Surely it's just situational stress. A temporary period of adjustment. Frayed nerves. Depleted bank account with its bottom line rapidly diminishing. Nearly one month after moving to Napa Valley from 1200 miles away with the goal of taking classes to further my career in the wine business I find myself sharing a house with three people and a poodle while waiting with bated breath for the valley to emerge from its long winter's nap and start hiring again when the onset of Tourist Season (roughly concurrent with Bud Break) becomes clearly imminent.
It started with an at first full-out confident location of a really nice place to live that was quickly scaled down to a frenzied quest that ended in a fevered take-no-prisoners approach to finding affordable housing. So. Before we go any further. There's something you should know if you have even the vaguest inkling or inclination to possibly ever remotely begin to think about moving to Napa Valley even if it's only in your wildest imaginings... living here is expensive as hell.
Just as while during my initial approach to my destination driving north from Interstate 80 I came to the abrupt realization that Napa Valley is only a few token miles away from the suburbs of San Francisco, shortly thereafter I came to the even more abrupt realization that rental prices here are only a few token dollars away from those in The City by the Bay (translate: outrageous).
Yes, I dutifully did my internet research before moving here. But unsuspecting outsider that I was I crashed headfirst into the cruel and unexpected reality that "Cute One Bedroom Apartment in Restored Victorian $960 per month" translated quite mercilessly into "Small, bleak one bedroom apartment in a rundown stucco-ed over (please say it ain't so!) Victorian in a neighborhood where one's safety would seriously be called into question.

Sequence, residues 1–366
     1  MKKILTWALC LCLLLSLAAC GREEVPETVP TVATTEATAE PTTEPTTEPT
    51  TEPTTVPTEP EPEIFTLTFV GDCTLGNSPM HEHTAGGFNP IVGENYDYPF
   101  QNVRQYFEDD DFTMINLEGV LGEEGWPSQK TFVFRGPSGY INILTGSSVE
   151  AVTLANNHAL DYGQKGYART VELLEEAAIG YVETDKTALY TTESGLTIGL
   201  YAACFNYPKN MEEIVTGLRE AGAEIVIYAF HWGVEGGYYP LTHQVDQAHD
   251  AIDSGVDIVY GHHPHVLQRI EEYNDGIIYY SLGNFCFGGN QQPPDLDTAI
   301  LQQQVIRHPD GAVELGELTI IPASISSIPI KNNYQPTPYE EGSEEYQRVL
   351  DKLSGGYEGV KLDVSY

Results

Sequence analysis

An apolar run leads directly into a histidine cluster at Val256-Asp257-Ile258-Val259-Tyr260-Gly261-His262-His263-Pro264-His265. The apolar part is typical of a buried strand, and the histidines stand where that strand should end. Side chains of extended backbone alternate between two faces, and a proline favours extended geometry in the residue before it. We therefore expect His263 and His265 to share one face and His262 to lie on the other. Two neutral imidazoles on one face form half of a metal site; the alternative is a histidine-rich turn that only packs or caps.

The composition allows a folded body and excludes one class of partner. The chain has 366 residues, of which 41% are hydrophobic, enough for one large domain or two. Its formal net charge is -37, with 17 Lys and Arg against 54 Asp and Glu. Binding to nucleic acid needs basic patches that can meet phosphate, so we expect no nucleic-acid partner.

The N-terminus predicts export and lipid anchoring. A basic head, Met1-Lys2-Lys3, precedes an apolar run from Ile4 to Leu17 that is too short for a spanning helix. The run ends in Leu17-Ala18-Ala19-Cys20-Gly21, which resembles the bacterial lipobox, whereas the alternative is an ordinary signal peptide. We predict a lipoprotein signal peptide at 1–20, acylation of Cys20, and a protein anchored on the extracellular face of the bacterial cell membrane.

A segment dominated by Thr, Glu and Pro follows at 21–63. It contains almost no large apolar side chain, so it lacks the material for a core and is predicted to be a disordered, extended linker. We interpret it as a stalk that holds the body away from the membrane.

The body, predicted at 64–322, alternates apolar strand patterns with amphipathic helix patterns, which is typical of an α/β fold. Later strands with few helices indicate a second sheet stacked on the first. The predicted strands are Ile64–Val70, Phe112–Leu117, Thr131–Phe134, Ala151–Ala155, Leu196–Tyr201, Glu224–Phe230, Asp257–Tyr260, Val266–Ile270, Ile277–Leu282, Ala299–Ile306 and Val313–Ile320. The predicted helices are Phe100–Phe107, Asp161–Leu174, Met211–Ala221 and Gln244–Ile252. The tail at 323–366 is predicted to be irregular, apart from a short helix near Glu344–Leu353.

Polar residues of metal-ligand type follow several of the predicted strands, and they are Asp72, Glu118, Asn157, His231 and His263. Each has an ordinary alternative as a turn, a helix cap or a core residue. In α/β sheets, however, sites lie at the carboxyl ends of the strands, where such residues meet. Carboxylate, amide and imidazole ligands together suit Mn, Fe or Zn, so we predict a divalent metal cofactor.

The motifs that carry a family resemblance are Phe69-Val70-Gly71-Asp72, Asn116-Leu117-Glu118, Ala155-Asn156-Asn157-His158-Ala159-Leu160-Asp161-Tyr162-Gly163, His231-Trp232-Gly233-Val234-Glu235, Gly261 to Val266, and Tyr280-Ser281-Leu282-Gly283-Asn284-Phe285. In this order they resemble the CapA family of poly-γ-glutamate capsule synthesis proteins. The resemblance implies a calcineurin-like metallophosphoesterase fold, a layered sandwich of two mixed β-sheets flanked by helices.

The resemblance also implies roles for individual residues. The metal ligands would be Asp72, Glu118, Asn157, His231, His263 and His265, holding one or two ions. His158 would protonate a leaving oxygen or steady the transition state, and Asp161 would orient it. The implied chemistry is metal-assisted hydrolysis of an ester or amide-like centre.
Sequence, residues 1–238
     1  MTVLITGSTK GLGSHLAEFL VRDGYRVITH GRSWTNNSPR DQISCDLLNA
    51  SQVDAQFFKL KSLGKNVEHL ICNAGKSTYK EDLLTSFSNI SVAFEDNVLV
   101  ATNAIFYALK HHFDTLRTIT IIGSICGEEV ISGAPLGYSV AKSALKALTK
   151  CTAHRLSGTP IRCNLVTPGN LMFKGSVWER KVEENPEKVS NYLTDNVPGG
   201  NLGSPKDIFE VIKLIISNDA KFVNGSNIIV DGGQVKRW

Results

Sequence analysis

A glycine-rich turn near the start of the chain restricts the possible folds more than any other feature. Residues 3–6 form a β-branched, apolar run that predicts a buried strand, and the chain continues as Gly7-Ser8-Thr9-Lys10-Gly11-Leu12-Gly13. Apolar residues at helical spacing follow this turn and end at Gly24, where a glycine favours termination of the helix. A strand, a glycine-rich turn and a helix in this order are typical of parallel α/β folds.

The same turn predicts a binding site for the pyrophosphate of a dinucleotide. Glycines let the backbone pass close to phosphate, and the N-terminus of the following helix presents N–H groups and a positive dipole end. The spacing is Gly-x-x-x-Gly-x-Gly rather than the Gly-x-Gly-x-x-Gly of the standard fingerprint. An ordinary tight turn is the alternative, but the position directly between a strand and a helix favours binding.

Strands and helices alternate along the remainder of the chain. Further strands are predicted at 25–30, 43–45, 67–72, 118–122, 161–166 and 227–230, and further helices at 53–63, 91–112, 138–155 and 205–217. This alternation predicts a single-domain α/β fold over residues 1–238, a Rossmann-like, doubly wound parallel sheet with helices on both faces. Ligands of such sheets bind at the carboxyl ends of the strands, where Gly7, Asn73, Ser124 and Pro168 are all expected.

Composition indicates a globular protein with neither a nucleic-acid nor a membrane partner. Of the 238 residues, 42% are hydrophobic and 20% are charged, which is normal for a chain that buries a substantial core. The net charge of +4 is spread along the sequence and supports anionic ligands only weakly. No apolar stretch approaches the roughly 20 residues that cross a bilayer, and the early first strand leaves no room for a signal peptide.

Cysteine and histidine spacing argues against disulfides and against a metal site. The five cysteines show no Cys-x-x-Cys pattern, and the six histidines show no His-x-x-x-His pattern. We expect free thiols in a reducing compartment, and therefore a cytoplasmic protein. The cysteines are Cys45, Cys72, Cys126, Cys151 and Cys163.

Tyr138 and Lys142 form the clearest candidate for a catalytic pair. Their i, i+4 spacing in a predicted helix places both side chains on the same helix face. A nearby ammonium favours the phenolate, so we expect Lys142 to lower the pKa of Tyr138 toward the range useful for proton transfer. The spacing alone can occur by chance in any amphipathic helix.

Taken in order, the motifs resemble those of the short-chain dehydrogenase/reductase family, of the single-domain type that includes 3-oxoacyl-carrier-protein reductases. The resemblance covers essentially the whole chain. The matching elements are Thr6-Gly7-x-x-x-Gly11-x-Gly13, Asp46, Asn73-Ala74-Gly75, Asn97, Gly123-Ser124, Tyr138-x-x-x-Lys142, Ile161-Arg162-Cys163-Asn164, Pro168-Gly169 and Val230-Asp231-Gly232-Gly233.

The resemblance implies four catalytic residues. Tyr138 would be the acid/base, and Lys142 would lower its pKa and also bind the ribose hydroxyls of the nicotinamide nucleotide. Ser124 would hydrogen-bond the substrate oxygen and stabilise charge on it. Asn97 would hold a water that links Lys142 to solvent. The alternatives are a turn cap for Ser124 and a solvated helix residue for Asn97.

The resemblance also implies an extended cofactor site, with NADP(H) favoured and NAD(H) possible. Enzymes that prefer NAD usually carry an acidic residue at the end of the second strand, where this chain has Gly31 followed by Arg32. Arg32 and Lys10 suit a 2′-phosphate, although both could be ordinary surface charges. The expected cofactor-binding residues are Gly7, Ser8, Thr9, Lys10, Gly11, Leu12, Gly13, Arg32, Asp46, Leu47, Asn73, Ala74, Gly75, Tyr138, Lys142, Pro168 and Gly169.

After more than a few nightmarish run-ins of that nature ("private cottage in St. Helena $1100 per month" turns out to be a studio apartment over an unkempt gasoline-infused two-car garage) I've opted temporarily for a "house share." Poodle included at no extra charge. I try not to think too much about the fact that before I moved here I was renting a beautiful one bedroom home with a European kitchen and breathtaking views for little more than I'm paying now for a room with kitchen privileges. But all of this is surely just temporary till I most certainly soon shall find a more suitable place to live.
But wait! Spring is finally here. The relentlessly cheerful yellow mustard blossoms are in bloom and so are pre-tourist season winery job openings. There is an air of anticipation as tender young grapevine leaves emerge just as numerous job postings pop up on winejobs.com, wineandhospitialityjobs.com and craigslist.com.
Just as I am about to max out on any last fingernail surface area remotely usable for nail biting I find a job as a wine educator at what my friend refers to as a "Napa Valley Icon Winery," adding that everyone back home (contrary to my humble opinion) thinks I'm doing great. That's what friends are for.
With my first wave (OK, ripple) of prosperity in the enological equivalent of the Promised Land I buy an amazingly delectable loaf of local artisan olive bread, a small slab of scrumptious pate campignon from San Francisco, a delicious ramekin of goat cheese from Sonoma County and a thoroughly enjoyable 2005 Napa Creek Petite Sirah with a Stag's Leap District pedigree for only $7.79 a bottle.
Stealing a moment of solitude whilst very briefly the only one home, I relax on the couch in front of the gas log fireplace and enjoy the very first fledgling fruits (including the grapest fruit of all) of my labors here in Napa Valley.
Who knows. Maybe, just maybe, I might come to like it here after all.